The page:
DefinitionIncreased appetite means you have an excess desire for food.
Alternative NamesHyperphagia; Increased appetite; Hunger; Excessive hunger; Polyphagia
ConsiderationsAn increased appetite can be a symptom of different diseases. For example, it may be due to certain mental conditions and endocrine gland disorders.An increased appetite can come and go (intermittent), or it can last for long periods of time (persistent), depending on the cause. It does not always result in weight gain.The terms "hyperphagia" and "polyphagia" refer to someone who is focused only on eating, or who eats excessively before feeling full.
Common CausesCauses of increased appetite include:AnxietyCertain drugs (such as corticosteroids, cyproheptadine, and tricyclic antidepressants)Bulimia (most common in women 18 - 30 years old)Diabetes mellitus (including gestational diabetes)Graves' diseaseHyperthyroidismHypoglycemiaPremenstrual syndrome
Home CareEmotional support, and in some cases counseling, are recommended.If a medication is causing increased appetite and weight gain, your health care provider may decrease your dosage or recommend a different drug. Never stop taking your medication without first talking to your health care provider.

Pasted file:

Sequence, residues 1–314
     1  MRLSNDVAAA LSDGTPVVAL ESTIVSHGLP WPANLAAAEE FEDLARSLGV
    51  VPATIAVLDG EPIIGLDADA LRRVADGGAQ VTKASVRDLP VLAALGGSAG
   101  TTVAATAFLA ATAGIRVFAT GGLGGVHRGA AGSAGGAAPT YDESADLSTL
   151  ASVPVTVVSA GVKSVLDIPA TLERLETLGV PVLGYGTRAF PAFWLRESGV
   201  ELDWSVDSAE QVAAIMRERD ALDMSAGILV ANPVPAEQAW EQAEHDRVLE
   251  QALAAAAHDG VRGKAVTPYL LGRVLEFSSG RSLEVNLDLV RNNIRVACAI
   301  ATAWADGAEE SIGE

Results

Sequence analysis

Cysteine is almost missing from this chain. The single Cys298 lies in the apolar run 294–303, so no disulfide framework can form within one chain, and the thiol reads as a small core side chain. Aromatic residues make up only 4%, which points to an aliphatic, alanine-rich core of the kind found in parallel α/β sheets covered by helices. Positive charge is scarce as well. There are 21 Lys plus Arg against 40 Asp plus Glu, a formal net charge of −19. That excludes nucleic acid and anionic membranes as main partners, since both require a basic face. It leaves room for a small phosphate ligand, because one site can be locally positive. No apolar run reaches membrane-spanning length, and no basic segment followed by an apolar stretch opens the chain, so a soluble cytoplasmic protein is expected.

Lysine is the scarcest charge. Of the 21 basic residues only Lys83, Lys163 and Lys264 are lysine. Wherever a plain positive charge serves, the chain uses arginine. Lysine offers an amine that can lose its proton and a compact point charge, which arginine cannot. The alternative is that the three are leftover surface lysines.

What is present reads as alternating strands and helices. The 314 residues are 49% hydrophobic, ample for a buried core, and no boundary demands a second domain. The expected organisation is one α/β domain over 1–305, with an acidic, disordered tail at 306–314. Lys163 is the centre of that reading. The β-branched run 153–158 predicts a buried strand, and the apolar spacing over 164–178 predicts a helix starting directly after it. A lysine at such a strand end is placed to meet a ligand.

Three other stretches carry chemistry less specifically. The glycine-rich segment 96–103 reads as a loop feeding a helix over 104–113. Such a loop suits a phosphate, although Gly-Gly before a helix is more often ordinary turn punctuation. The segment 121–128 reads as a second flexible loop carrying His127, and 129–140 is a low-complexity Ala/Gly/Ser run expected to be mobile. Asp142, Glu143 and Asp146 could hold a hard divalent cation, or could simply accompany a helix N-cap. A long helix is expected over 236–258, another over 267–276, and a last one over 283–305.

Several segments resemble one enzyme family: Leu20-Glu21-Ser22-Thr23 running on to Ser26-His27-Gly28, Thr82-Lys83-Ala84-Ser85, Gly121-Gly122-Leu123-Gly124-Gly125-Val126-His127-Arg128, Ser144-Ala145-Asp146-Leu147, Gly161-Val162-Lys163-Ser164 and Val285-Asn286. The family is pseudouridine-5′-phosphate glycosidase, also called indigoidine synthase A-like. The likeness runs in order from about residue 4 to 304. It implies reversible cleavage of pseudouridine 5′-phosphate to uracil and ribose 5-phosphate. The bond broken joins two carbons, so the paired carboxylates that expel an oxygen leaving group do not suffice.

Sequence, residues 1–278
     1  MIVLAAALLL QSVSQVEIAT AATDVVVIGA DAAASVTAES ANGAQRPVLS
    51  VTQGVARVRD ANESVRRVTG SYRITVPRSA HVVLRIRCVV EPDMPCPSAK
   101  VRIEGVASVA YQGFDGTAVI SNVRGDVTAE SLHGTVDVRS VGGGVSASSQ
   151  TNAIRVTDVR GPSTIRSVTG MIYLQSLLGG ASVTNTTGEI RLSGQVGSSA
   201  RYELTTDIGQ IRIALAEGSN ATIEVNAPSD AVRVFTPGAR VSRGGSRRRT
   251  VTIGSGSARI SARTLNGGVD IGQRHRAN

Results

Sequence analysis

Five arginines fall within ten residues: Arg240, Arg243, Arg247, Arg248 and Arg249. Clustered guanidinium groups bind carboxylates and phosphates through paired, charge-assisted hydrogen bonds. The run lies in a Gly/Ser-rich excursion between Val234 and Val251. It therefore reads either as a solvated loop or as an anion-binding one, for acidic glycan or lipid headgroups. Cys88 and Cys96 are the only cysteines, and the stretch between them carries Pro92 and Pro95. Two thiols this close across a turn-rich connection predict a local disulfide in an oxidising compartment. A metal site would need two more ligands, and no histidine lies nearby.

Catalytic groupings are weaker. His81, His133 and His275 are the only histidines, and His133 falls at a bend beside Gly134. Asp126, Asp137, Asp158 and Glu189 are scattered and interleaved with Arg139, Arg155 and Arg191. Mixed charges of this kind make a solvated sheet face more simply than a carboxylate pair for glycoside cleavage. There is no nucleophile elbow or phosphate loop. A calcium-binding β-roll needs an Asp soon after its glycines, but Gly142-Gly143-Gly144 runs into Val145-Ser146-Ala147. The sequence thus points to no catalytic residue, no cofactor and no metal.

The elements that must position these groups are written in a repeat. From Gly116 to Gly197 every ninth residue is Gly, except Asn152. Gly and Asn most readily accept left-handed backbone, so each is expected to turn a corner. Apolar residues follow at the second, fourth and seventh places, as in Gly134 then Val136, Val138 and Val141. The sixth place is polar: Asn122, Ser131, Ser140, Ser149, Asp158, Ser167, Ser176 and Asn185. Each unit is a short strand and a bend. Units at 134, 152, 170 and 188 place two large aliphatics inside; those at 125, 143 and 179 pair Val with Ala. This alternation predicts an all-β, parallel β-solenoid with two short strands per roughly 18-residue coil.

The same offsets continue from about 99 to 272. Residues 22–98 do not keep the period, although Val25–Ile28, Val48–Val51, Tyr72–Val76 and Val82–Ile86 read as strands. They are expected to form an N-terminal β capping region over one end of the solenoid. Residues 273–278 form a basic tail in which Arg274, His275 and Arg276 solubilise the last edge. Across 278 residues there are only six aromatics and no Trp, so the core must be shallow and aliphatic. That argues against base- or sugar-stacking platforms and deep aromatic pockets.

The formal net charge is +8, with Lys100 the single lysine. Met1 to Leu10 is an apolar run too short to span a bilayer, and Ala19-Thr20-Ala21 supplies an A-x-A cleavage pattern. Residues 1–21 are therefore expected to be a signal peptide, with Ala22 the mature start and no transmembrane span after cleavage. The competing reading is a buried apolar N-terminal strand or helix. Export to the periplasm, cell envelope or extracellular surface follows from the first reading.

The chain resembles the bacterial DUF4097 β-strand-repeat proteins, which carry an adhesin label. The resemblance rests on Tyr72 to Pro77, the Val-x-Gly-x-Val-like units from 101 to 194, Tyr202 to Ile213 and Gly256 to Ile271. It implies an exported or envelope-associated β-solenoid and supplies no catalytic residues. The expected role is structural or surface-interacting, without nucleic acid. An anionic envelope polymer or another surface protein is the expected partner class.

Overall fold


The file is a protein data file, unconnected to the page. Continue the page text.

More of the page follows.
Call your health care provider ifContact your health care provider if:You have an unexplained, persistent increase in appetiteYou have other unexplained symptoms
What to expect at your health care provider's officeYour health care provider will exam you, weigh you, and ask questions about your medical history. exam. You also may have a psychological evaluation.Questions may include:Eating habits
Have you changed your eating habits?Have you begun dieting?Do you have concerns about your weight?What do you eat in a typical day?How much do you eat?Medication
What medications are you taking?Are you taking any new medications, or have you changed the dose of your medications?Do you use any illicit drugs? If so, which ones?Time pattern
Does the hunger occur during the sleep period?Does the hunger seem to occur in a pattern related to your menstrual cycle?Other
What other symptoms are you having at the same time?Have you noticed an increase in anxiety?Do you frequently urinate?Do you have an increased heart rate?Do you have palpitations?Do you feel more thirsty?Have you had an unintentional weight gain?Do you experience intentional or unintentional vomiting?Tests that may be done include:Blood tests, including a chemistry profileThyroid function tests
ReferencesJensen MD. Obesity. In: Goldman L, Schafer AI, eds. Cecil Medicine. 24th ed. Philadelphia, Pa: Saunders Elsevier; 2011:chap 227.Clemmons DR. Approach to the patient with endocrine disease. In: Goldman L, Schafer AI, eds. Cecil Medicine. 24th ed. Philadelphia, Pa: Saunders Elsevier; 2011:chap 228.Becker AE, Baker CW. Eating disorders. In: Feldman M, Friedman LS, Brandt LJ, eds. Sleisenger & Fordtran's Gastrointestinal and Liver Disease. 9th ed. Philadelphia, Pa: Saunders Elsevier;2010:chap 8.